CONTACT INFORMATION:

Phone Icon315-946-5663
315-946-9721 (Fax)

WHAT IT IS:

Flooding is one of Wayne County’s most common hazards. Depending on its depth and velocity, flooding can be a nuisance or a disaster. Be prepared for flooding no matter where you live, but particularly if you are in a low-lying area, near a body of water, downstream from a dam, or in other areas known to flood in previous storms.

KEY TERMS
  • Flood Watch means there is a possibility of flooding or a flash flood in your area.
  • Flood Warning means a flood is occurring or will likely occur soon.  If you are advised to evacuate do it immediately.
  • A Flash Flood Watch means flash flooding is possible.  Be prepared to move to higher ground.  A flash flood could occur without any warning.
  • A Flash Flood Warning means a flash flood is occurring.  Seek higher ground immediately; do not wait for instructions.
  • A 100-Year Flood (or “base flood”) is a flood that has a 1 percent chance of being equaled or exceeded in any given year, according to FEMA’s flood maps.  A base flood may also be referred to as a 100-year storm, and the area inundated during the base flood is sometimes called the 100-year floodplain, which generally correlated to the “Special Flood Hazard Area” where federal flood insurance is required in order to obtain a mortgage.  It should be noted that a “100-year flood” refers to the annual probability of such an occurrence, not the predicted interval between such floods.
  • A 500-Year Flood is a flood that has a 0.2 percent chance of being equaled or exceeded in any given year, according to FEMA’s flood maps.  The area inundated during a 500-year flood is sometimes called the 500-year floodplain.  It should be noted that a “500-year flood” refers to the annual probability of such an occurrence, not the predicted interval between such floods.

WHAT TO DO

BEFORE (PREPAREDNESS/MITIGATION)
  • Sign up for Wayne County Alerts and have a battery or crank powered NOAA weather radio available.
  • Prepare your home by cleaning gutters and drains.
  • Decide early whether you will evacuate, and where you will go if ordered to or opt to leave.
  • Disconnect electrical appliances.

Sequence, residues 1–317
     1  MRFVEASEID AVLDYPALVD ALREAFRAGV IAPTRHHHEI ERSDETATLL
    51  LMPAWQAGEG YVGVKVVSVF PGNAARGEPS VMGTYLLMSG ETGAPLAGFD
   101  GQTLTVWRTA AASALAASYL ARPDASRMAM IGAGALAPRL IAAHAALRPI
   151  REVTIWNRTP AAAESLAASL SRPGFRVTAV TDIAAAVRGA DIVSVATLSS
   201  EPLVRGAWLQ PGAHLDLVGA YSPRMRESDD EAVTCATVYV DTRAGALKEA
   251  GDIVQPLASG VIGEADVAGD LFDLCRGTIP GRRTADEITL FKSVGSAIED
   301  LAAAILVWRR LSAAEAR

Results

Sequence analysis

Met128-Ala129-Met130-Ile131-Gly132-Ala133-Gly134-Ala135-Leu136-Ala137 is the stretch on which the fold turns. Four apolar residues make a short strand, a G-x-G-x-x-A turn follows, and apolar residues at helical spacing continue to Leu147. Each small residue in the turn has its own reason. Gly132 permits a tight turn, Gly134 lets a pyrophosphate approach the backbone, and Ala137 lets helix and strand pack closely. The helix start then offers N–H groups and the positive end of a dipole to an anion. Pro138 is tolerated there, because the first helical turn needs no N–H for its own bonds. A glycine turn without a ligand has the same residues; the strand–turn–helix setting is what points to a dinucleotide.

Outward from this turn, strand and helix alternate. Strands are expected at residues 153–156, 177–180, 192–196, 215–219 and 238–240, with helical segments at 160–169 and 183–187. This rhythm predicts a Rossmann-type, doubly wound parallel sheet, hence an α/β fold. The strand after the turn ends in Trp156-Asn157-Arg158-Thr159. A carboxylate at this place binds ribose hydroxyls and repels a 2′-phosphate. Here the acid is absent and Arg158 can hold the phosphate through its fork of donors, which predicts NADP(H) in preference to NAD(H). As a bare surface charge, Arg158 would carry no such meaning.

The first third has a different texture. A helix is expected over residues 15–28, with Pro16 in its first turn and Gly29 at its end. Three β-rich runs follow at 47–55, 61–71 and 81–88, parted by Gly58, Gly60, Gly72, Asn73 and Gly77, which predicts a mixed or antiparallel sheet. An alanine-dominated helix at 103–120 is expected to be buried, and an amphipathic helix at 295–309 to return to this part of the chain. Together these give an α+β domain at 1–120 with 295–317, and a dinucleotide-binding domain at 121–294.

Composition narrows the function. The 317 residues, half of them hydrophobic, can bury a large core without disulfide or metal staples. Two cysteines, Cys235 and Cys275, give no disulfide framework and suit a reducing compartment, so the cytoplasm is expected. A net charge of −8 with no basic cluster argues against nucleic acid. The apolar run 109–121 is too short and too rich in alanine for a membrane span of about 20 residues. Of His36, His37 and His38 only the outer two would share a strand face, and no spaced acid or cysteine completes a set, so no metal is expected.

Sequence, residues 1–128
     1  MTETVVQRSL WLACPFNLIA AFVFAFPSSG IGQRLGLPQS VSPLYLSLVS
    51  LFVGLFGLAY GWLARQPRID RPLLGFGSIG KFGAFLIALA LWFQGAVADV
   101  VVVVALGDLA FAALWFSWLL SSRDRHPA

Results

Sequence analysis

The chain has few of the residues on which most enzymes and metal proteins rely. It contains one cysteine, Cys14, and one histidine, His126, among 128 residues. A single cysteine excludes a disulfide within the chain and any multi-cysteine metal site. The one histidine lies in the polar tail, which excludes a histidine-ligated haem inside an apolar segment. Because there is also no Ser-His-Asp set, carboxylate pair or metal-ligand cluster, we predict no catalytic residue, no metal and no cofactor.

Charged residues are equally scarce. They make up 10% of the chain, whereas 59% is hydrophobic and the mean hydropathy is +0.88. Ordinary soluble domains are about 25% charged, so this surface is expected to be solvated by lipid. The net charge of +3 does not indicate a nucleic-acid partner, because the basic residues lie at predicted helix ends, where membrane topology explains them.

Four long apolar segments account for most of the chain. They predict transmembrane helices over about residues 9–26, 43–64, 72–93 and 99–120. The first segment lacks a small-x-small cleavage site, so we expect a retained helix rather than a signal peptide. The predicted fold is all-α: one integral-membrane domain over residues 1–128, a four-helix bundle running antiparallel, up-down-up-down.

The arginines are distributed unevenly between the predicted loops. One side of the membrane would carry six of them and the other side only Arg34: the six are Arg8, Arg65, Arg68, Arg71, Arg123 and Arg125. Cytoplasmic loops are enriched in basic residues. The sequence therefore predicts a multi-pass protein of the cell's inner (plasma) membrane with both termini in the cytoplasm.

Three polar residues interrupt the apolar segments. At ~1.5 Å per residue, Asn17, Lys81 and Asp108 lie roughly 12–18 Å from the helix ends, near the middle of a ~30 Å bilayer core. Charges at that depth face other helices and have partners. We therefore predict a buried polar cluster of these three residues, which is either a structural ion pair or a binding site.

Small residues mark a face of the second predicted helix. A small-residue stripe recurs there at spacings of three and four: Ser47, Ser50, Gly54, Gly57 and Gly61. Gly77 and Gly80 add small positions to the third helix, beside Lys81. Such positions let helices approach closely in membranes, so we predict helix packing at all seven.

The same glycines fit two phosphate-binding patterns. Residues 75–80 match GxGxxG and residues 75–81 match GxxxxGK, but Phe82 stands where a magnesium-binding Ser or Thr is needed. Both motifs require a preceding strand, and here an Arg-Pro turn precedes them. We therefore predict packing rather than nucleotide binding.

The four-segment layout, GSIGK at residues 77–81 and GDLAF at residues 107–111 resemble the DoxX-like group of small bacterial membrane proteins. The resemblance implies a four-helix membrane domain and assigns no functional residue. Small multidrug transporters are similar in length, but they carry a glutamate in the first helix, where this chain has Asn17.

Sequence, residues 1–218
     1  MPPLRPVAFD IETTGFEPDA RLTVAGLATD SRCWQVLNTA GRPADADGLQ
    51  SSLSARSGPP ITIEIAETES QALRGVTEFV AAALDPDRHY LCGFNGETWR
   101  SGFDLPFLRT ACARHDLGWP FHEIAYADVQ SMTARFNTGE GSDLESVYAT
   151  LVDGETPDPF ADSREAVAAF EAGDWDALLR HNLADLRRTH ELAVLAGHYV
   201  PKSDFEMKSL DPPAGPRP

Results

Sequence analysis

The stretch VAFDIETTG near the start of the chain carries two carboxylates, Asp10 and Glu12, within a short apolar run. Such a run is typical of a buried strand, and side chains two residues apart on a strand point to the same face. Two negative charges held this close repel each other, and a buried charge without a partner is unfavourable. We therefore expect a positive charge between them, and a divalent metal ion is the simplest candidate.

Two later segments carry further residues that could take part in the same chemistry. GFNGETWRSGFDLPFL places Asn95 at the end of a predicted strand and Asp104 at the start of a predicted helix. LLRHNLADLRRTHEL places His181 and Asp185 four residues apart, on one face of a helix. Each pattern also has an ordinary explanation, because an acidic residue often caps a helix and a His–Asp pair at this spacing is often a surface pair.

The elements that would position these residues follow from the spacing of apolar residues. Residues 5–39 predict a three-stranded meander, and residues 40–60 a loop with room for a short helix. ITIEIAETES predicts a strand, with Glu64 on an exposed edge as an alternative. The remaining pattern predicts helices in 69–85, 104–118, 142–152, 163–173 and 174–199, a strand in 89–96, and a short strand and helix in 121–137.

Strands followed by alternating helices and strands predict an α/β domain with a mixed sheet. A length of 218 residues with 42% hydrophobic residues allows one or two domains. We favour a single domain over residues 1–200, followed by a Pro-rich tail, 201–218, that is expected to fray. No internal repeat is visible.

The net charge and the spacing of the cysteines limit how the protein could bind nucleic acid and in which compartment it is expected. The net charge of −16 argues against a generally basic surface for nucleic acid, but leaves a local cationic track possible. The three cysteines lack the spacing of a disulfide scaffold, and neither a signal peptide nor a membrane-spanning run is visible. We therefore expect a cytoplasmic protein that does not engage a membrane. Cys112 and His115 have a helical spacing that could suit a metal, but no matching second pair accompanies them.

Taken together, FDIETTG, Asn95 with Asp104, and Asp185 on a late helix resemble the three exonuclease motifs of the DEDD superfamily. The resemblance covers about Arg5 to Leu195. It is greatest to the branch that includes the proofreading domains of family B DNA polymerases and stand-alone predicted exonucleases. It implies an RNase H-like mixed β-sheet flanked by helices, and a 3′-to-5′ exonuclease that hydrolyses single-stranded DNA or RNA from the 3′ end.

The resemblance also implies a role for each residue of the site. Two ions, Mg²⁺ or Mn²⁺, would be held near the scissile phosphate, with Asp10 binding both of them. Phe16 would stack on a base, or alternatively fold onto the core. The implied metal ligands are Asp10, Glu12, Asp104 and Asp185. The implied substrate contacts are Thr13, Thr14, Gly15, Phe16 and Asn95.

• Know if your residence or business is in a floodplain.
  • Apply for flood insurance. Consider this even if you are not in the 100-year floodplain (the FEMA-designated “Special Flood Hazard Area”) – many recent floods have exceeded the 100-year and 500-year marks!
  • Learn First Aid.
  • Refer to “Medical Emergency” hazard pages.
DURING (RESPONSE)
  • Listen to official information.
  • If you encounter rising water, move to higher ground immediately.
  • Do not touch electrical equipment if you are wet or standing in water.
  • Always stay clear of floodwaters.
  • Do not drive through flooded roads, even if you have a vehicle with high clearance and even if the water appears to be shallow – “turn around, don’t drown.”
  • Stay away from downed power lines to avoid the risk of shock or electrocution.
AFTER (RECOVERY)
  • Return home when local officials say it is safe.
  • Avoid walking or driving through floodwaters.
  • Do not drink from floodwaters.
  • Do not drink or wash with water from a flooded household well until it is tested and found to be safe to use.
  • Eliminate standing water where mosquitoes may breed.
  • Do not eat any food that may have come into contact with flood water. “When in doubt, throw it out.”
  • Remove all porous items that have been wet for more than 48 hours and cannot be thoroughly cleaned and dried. These items can remain a source of mold growth and should be removed from the home.
  • Check in with family and friends by texting or using social media.

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